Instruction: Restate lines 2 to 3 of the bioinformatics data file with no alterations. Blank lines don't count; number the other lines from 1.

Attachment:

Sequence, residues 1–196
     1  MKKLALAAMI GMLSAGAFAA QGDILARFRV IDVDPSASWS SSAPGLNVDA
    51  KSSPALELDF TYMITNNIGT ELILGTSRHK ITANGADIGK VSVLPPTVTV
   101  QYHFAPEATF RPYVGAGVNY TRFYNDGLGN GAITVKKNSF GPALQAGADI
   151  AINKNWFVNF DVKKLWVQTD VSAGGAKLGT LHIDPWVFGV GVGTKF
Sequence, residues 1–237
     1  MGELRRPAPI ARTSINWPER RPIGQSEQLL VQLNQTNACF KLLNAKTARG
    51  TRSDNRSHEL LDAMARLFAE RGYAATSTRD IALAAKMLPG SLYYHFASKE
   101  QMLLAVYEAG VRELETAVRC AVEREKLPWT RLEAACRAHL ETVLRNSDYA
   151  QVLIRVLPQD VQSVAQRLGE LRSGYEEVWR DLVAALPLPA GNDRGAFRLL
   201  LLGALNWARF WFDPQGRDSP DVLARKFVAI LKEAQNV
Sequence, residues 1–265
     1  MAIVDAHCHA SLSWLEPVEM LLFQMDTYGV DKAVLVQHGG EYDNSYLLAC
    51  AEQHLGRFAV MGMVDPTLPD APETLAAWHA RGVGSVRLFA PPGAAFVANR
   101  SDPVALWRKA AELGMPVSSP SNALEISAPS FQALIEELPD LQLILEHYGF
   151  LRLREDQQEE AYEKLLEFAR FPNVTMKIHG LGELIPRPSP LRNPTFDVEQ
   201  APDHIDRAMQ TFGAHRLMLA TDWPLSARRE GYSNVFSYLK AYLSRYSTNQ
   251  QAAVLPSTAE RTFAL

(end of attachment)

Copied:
     1  MKKLALAAMI GMLSAGAFAA QGDILARFRV IDVDPSASWS SSAPGLNVDA
    51  KSSPALELDF TYMITNNIGT ELILGTSRHK ITANGADIGK VSVLPPTVTV